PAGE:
It’s also unclear what Fuego will do next. Roman said sometimes volcanoes like Fuego will produce a large eruption and then become quiet, and other times, they have additional events. Regardless, she said, the rainfall and the subsequent lahar could continue to cause damage and threaten lives.
What’s up with all of these eruptions and earthquakes?
But experts say this isn’t necessarily a reason for extra concern.
“On any given week, globally on average, we can have as many as 15 to 20 volcanoes in some state of eruption or unrest,” said Charles Mandeville, coordinator of the U.S. Geological Survey’s Volcano Hazards Program. Most of these eruptions don’t cause any harm and go unnoticed by the media.
But even when scientists spot an eruption weeks in advance, such as they did with Kilauea, the threats can be difficult to predict. Kilauea has been erupting for a month, yet new evacuation orders are being issued on almost a daily basis. Volcanic fog from Hawaii has now spread as far as the Marshall Islands, 2,300 miles away. Hawaiian officials are now arresting people who loiter near lava flows or refuse to evacuate.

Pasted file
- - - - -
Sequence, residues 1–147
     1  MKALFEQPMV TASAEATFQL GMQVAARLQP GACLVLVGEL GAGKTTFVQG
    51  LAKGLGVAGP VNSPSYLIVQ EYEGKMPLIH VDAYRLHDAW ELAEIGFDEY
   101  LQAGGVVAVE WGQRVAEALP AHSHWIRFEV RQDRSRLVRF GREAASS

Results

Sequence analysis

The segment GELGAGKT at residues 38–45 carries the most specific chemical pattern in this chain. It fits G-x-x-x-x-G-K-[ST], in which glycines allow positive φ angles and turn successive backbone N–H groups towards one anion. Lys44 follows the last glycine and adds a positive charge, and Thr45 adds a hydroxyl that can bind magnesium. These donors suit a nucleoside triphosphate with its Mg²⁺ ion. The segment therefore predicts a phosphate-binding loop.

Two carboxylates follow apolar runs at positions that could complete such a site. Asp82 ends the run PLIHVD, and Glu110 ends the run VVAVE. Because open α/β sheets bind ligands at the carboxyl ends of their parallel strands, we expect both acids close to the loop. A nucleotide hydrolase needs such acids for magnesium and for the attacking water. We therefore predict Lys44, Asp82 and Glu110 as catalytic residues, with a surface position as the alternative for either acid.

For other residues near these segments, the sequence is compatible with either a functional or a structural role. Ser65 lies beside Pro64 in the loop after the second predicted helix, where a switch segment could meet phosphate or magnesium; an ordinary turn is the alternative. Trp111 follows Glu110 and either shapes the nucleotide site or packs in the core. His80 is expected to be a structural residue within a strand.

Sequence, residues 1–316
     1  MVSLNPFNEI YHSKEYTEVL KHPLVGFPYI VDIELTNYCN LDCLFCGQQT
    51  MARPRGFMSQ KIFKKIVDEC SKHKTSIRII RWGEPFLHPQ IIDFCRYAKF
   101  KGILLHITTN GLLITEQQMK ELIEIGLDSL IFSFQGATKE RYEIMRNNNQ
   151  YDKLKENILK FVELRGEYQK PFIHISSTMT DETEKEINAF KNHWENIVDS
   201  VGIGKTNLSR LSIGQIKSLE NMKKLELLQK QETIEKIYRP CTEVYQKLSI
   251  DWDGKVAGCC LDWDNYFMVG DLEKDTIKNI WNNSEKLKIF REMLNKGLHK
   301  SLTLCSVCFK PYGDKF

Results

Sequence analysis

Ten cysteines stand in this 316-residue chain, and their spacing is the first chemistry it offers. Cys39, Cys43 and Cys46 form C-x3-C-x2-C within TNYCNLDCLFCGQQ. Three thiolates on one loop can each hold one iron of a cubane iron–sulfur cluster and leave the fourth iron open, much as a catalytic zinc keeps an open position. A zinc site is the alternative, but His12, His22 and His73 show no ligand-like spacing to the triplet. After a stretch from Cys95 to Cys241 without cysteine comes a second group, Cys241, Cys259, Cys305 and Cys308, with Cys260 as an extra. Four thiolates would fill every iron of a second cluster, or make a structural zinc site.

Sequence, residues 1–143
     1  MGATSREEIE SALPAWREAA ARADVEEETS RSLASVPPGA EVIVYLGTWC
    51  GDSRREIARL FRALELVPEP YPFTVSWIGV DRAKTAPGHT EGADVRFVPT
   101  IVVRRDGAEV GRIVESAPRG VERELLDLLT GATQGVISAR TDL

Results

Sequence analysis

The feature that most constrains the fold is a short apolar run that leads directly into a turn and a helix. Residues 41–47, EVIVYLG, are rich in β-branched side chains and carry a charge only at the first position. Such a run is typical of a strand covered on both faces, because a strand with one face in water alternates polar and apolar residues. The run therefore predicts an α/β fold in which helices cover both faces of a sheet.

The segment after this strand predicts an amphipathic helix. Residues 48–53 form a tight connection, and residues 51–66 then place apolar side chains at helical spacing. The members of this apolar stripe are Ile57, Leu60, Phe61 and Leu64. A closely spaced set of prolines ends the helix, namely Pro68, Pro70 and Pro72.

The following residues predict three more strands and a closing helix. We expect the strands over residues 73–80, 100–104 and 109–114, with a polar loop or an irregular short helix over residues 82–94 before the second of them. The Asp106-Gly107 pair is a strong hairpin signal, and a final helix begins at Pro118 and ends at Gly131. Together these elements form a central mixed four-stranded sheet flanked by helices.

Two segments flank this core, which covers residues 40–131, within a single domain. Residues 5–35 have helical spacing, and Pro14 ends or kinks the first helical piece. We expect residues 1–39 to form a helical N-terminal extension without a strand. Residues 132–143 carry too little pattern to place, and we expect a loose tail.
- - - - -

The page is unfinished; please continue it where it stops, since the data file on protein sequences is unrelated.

Mandeville said part of the unpredictability revolves around Kilauea’s fissures. Older fissures, which had stopped spewing lava, have now reopened unexpectedly. He said Kilauea has spewed more than 3 million cubic meters of lava — enough to fill 1,200 olympic swimming pools — and this may only represent 2 to 3 percent of the molten rock that could erupt.
While eruptions like those at Fuego and Kilauea are fascinating, Krippner said people should always try to recognize their risks and avoid getting too close.
“We saw those videos yesterday of people standing on a bridge, watching a pyroclastic flow coming toward them. They could have been killed,” Krippner said. “It’s so important that opportunities like this are taken to inform people of what these processes are, how dangerous they are and what people need to do to stay safe.”